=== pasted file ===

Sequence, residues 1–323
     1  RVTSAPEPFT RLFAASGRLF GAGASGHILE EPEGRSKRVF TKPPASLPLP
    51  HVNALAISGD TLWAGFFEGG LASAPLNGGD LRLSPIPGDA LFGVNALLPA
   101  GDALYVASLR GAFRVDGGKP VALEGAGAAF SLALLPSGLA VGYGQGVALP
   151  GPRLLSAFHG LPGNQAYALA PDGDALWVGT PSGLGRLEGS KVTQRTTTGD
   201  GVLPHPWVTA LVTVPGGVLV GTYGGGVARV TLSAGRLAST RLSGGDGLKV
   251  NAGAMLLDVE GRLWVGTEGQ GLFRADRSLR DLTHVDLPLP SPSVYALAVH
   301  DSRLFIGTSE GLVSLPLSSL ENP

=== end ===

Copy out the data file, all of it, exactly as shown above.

Sequence, residues 1–323
     1  RVTSAPEPFT RLFAASGRLF GAGASGHILE EPEGRSKRVF TKPPASLPLP
    51  HVNALAISGD TLWAGFFEGG LASAPLNGGD LRLSPIPGDA LFGVNALLPA
   101  GDALYVASLR GAFRVDGGKP VALEGAGAAF SLALLPSGLA VGYGQGVALP
   151  GPRLLSAFHG LPGNQAYALA PDGDALWVGT PSGLGRLEGS KVTQRTTTGD
   201  GVLPHPWVTA LVTVPGGVLV GTYGGGVARV TLSAGRLAST RLSGGDGLKV
   251  NAGAMLLDVE GRLWVGTEGQ GLFRADRSLR DLTHVDLPLP SPSVYALAVH
   301  DSRLFIGTSE GLVSLPLSSL ENP